State Can Bar Same-Sex Unions, N.Y. Court Rules
MICHELE NORRIS, host:
From NPR News Washington, this is ALL THINGS CONSIDERED, I'm Michele Norris.
ROBERT SIEGEL, host:
And I'm Robert Siegel.
Today New York States highest court ruled that same-sex couples do not have a constitutional right to marry. A four-judge majority said that gay marriage is an issue for the state legislature to decide. The ruling is a setback for the gay rights movement, which saw New York's liberal court as one of its best chances to gain an incremental victory. NPR's Nancy Solomon reports.
NANCY SOLOMON reporting:
Gay activists thought New York would be the next state that would follow Massachusetts to legalize gay marriage, so it was a bitterly disappointed group of activists and lawyers who faced a phalanx of reporters, and tried to explain what had gone wrong. James Essex of the ACLU, says he's particularly surprised that the court sided questions about whether same sex couples should be able to raise children in its decision.
Just last week, Essex says, an Arkansas court ruled in favor of gay foster parenting.
Mr. JAMES ESSEX (ACLU): So what we have here we have the New York court of appeals, the highest court in the State of New York, issuing a decision today, that is decades behind Arkansas. And who would have thunk that?
SOLOMON: The case was brought by 44 lesbian and gay couples from across the state, some with and some without children. They argued that without a marriage license, they do not have equal access to the same health benefits, medical decision making, or inheritance laws. One couple Cindy Bink(ph) and Ann Parkner(ph) have been together 18 years and live in New York City. Bink said she changed jobs to obtain domestic partner health benefits for Parkner, but it hasn't been enough.
Ms. CINDY BINK (Gay Activist): Every time she goes to the doctor, into a hospital, in the emergency room, she's questioned you can't possibly be on this persons plan because you're not married and she's not your mother. It's the cultural prospective that, if your not married, there is always going to be a question, and that's the hard part.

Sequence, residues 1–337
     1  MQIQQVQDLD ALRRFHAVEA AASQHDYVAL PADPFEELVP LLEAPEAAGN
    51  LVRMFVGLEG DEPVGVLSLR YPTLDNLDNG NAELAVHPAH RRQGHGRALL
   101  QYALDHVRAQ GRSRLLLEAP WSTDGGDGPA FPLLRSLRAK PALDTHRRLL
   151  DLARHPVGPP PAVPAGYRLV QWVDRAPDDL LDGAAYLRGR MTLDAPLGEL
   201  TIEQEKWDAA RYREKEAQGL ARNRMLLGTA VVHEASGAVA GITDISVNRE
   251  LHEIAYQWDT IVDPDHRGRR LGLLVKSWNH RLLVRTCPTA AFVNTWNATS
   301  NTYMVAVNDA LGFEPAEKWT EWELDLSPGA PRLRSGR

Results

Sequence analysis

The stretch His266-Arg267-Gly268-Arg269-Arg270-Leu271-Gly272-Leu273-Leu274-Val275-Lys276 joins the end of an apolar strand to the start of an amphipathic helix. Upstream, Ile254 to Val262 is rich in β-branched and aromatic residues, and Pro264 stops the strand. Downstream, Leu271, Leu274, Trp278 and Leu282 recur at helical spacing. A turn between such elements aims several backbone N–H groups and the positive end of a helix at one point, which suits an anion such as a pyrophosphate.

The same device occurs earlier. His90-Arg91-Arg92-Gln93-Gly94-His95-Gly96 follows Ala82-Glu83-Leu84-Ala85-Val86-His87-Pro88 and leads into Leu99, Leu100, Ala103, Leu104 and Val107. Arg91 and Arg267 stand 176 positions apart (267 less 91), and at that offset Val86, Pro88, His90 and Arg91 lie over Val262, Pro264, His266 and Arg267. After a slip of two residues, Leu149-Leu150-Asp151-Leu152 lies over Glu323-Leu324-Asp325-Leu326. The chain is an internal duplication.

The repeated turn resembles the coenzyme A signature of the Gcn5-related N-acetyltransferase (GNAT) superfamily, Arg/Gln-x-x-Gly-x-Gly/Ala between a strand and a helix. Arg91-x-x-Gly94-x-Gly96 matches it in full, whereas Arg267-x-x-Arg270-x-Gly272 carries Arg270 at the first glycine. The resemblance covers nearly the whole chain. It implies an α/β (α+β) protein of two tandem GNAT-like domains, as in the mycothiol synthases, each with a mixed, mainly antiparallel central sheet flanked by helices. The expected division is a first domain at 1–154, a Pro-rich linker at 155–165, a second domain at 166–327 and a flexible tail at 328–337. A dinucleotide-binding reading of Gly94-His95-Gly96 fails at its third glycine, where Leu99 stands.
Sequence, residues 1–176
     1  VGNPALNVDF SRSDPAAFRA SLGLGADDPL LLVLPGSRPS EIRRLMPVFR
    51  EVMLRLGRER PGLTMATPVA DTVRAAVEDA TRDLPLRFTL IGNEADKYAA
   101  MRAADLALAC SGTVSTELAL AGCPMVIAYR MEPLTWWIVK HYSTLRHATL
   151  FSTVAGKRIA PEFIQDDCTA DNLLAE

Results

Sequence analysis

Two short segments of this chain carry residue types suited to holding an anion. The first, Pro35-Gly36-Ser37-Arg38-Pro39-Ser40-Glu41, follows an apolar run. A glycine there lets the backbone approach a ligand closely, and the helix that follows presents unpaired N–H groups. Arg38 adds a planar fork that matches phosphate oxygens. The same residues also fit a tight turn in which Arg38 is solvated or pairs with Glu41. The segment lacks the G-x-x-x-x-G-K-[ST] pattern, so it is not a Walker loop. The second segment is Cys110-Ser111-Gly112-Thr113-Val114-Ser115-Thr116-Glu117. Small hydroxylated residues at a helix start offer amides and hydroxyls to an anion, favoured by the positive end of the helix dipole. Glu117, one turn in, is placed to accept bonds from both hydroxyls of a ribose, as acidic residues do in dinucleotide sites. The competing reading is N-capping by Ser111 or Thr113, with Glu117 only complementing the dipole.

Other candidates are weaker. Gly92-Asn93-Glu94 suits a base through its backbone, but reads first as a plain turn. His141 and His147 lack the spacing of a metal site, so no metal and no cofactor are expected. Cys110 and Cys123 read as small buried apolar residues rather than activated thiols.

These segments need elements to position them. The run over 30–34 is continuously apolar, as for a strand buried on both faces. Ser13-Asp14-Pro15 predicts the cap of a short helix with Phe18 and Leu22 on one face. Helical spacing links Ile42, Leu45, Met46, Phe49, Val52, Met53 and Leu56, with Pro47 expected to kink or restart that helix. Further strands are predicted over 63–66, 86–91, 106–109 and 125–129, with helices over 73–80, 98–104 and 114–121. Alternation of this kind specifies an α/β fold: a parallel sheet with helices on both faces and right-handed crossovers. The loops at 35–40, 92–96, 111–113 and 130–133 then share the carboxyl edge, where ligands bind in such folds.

SOLOMON: Of the four judges who signed the majority opinion, three were appointees of George Pataki, the Republican governor who has hinted at a run for the presidency - says he's pleased with the decision.
Governor GEORGE PETAKI (Republican, New York State): Marriage between a man and a woman has been the law of New York state since the beginning of this state. And any changes to that, should be made by the elected officials - the legislators working with the executives.
SOLOMON: Judge Robert Smith, writes in the opinion, that the prohibition against same sex marriage is not purely based on discrimination against gay people, the state may have a rational interest in defining what relationships should be encouraged to have children. Smith also takes it a step further, writing “It is not irrational for the legislature to provide an incentive for opposite sex couples, for whom children maybe conceived from casual, even momentary intimate relationships, to marry create a family environment, and support their children.”
New York University Law Professor, Stephen Gillers, called this reason astonishing, because it says gay people don't need marriage because their children are so well-planned.
Professor STEPHEN GILLERS (New York University): It is so unacceptable, I mean it is so weak, that it may give the gay rights community some traction, in going to the legislature.
SOLOMON: That's precisely what the activist say they plan to do next. They say it took 31 years to get New York to pass an anti-discrimination law for gays and lesbians. But New York City Major Michael Blumberg, says he'll personally campaign for a new marriage law, and with statewide polls showing 53 percent support for gay marriage, they say they expect to win in the legislature in the next few years. Nancy Solomon, NPR News, New York.
SIEGEL: Today's ruling in New York is the latest development in the debate over gay marriage. You can see how all 50 states stand on the issue, with an interactive map at NPR.org. Transcript provided by NPR, Copyright NPR.